Conclusions
I’m not suggesting that we turn all our meetings into gospel revivals. But think about it — how would your meetings be improved if they incorporated some of the religious services features I’ve shared here?

Church service photograph courtesy of The Anguillan

Read the full article at Conferences That Work ]]>
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The two must-do steps to hire the best professional help http://www.conferencesthatwork.com/index.php/tip-2/2017/02/the-two-must-do-steps-to-hire-the-best-professional-help/ http://www.conferencesthatwork.com/index.php/tip-2/2017/02/the-two-must-do-steps-to-hire-the-best-professional-help/#comments Mon, 13 Feb 2017 13:04:26 +0000 http://www.conferencesthatwork.com/?p=9796

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When you need professional help, how do you select the best professionals?

Countless experts — such as accountants, plumbers, doctors, lawyers, and meeting planners — will take your money in exchange for advice or services. So, when it’s time to minimize your taxes, modernize the bathroom, diagnose that stabbing stomach pain, draft a complex contract, or organize multiple regional conferences — in short, get help with something you can’t do yourself — how do you choose great help?

It isn’t easy. If it was, we wouldn’t hear horror stories about accountants who can’t file a correct tax return, builders who make costly (and hilarious) mistakes, serious cases of medical malpractice, million dollar errors made by attorneys, and mistakes that meeting planners continue to make.

Why it’s hard to choose the right help
If you’ve never plumbed a kitchen sink in your life, how can you determine whether someone who says they’re a plumber really knows what they’re doing?

There’s a simple reason why it’s tricky to pick great professionals. If you need help, obviously you lack crucial knowledge or experience. So when you seek help, you don’t know if someone who claims to be able to help really can!

Don’t despair! Here are the two essential steps for hiring great professional help.

Ask for and check references
Everyone knows that you should ask for references for a professional who’s going to do work for you. Unfortunately, knowing you should do something doesn’t mean you will actually do it. How often do you ask for references from a professional you’re planning to hire? Do you ask a potential builder? An accountant? A doctor? In my experience, I am rarely asked for references.

In addition, many people ask for references but don’t check them! You may think that professionals are only going to give you the names of people who are satisfied with their services. While that’s usually true, talking to references will invariably turn up useful information. For example, you may discover that a plumber does good work but doesn’t finish in a timely fashion. Or an attorney writes competent contracts but his drafts need to be carefully checked to make sure that changes you request are actually incorporated. It’s not uncommon to hear information from a reference that immediately makes you decide not to employ the professional.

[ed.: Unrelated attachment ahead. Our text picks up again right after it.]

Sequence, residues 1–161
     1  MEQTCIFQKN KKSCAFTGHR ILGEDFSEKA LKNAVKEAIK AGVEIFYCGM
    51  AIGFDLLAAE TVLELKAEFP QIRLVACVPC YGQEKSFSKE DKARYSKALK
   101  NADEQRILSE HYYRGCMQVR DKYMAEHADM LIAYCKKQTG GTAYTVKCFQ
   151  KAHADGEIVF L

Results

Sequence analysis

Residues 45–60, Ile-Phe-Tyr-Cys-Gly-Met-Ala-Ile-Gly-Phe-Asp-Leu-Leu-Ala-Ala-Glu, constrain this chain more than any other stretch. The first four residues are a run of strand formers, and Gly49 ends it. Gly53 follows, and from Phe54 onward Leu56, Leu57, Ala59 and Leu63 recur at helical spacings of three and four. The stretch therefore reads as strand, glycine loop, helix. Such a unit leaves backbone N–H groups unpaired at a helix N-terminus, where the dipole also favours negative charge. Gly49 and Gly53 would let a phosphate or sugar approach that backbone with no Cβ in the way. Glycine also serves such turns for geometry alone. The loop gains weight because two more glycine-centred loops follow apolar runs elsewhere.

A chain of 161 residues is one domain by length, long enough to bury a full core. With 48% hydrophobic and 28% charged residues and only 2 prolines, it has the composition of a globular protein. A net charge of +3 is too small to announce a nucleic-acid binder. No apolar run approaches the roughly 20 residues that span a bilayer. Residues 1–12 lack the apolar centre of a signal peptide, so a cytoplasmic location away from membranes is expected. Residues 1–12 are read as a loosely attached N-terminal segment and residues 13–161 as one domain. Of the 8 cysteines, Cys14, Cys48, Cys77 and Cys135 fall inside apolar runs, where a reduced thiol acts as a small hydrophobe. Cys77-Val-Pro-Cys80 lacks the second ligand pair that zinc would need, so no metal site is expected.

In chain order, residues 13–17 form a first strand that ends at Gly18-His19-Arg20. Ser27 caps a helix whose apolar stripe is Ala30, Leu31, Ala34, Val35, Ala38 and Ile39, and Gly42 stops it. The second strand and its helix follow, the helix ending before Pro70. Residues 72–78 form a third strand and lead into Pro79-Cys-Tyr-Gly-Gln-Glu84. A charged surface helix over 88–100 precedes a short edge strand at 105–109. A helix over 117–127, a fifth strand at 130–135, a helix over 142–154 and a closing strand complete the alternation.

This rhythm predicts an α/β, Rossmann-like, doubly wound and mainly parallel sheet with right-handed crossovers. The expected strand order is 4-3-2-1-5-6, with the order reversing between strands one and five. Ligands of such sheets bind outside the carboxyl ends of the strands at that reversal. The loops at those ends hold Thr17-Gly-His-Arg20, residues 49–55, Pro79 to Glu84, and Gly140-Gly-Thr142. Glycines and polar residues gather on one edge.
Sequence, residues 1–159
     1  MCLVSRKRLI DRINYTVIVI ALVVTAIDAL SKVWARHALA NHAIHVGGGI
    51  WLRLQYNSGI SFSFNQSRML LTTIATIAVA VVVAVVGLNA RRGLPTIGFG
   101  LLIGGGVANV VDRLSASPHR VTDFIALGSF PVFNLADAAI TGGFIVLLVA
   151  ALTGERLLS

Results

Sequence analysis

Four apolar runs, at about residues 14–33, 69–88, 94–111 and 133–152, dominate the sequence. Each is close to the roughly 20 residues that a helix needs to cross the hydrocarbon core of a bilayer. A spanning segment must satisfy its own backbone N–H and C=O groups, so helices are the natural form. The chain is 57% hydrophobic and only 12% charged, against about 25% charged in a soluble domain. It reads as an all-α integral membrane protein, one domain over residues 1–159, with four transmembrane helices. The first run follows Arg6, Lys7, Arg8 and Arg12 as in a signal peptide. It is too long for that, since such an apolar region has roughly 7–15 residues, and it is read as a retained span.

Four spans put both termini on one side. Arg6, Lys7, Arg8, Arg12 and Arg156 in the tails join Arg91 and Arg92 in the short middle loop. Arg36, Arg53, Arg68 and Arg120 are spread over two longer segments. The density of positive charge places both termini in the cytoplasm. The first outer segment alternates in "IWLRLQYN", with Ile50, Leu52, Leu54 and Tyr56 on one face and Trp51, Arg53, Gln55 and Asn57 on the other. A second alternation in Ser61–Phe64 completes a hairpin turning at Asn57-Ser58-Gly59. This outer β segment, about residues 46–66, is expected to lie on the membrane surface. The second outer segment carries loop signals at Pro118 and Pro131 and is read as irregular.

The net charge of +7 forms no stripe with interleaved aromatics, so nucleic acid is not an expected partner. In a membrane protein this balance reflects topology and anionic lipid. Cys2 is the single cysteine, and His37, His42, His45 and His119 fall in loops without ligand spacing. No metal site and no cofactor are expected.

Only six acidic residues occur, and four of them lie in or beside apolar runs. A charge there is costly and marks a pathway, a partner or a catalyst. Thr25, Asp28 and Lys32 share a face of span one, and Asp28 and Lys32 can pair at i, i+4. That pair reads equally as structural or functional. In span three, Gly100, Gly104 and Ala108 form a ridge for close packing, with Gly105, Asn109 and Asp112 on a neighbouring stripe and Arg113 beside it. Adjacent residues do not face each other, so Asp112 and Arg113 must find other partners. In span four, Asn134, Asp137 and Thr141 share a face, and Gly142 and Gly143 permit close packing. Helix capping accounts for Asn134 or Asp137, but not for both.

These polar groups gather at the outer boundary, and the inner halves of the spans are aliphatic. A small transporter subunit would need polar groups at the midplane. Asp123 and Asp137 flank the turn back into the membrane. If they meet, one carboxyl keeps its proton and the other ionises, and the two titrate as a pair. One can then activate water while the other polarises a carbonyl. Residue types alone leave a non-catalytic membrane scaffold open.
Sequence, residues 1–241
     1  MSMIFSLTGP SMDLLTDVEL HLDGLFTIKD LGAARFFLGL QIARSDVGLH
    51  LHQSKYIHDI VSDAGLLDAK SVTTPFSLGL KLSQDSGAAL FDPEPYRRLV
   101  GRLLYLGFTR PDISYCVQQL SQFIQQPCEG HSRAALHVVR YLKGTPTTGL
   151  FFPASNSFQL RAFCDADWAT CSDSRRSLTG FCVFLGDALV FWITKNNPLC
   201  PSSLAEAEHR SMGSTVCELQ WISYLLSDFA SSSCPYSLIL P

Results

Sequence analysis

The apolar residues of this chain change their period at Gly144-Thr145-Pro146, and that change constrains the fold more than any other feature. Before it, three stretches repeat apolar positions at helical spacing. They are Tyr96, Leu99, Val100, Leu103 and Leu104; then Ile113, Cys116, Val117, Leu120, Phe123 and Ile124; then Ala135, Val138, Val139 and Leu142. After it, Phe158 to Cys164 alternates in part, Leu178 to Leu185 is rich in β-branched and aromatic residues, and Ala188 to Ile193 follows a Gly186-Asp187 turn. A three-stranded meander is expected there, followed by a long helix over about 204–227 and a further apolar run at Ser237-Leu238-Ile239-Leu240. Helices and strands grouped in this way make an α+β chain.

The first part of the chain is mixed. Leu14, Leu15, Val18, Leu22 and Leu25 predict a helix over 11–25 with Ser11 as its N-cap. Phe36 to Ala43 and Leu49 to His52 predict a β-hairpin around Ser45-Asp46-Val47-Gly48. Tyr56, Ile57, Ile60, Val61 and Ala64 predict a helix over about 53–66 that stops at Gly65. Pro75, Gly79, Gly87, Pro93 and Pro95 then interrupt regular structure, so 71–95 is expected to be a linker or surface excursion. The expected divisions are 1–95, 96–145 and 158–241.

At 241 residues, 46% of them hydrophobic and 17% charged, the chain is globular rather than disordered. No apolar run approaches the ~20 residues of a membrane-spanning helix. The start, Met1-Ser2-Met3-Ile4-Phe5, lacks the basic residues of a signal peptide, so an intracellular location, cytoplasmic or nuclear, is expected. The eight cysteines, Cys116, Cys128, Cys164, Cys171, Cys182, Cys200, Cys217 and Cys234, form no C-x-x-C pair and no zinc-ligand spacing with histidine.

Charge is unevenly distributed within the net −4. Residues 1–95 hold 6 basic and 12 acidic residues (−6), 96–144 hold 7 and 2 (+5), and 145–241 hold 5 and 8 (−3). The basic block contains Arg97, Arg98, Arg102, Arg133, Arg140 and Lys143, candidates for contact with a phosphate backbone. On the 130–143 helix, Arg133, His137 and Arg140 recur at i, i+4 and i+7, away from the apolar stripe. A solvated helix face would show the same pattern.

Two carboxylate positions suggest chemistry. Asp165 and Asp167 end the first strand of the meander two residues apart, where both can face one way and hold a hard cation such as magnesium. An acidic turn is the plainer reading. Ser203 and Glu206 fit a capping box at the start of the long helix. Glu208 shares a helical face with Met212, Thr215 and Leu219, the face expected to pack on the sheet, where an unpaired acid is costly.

So getting and checking references before hiring is an essential step if you want to minimize unpleasant surprises. These days, crowd-vetted online sites like Angie’s List and houzz provide a helpful starting place, but you can’t beat talking directly to clients of professionals you’re considering.

See if they’ll say, “I don’t know”
My mother had an unusual set of medical symptoms, and had the misfortune to pick a doctor who was unable to admit that he didn’t know what was wrong with her. Instead, he told her that she had multiple sclerosis, which caused her much emotional upset. Years went by without the relapses or progressions normal to her illness, but she refused to believe that his diagnosis was wrong. Finally I called him up and confronted him, and he admitted that she did not have the disease. Years of suffering could have been avoided if we had ascertained at the outset that he was incapable of admitting that he didn’t have all the answers.

Checking to see if a professional will say they don’t know when they actually don’t is an important hiring step that is rarely performed. Interview the professional and ask them questions about the work you want them to do. Listen carefully to how they respond to your questions. You are looking for them to show that they know the limits of their abilities, and that they are willing to share their limits with you.

If necessary, ask whether they can do something that is a little outside their stated expertise and listen carefully to how they respond. If you hear an unwillingness to admit that they are not able to fulfill your request, you are receiving an important warning. Ignore it at your peril!

Choosing professionals who are aware of and clear and honest about their own limits ensures not only that they can actually do the work you need, but also that they will let you know when they are unequipped to handle any that problems. These are the people you want to work for you.

That’s it!
Faithfully execute these two simple steps when choosing professionals and you’ll avoid the common problems that occur when obtaining help with life’s challenges. These must-do steps have made it possible for me to pick competent, trustworthy help for years. I hope they help you too.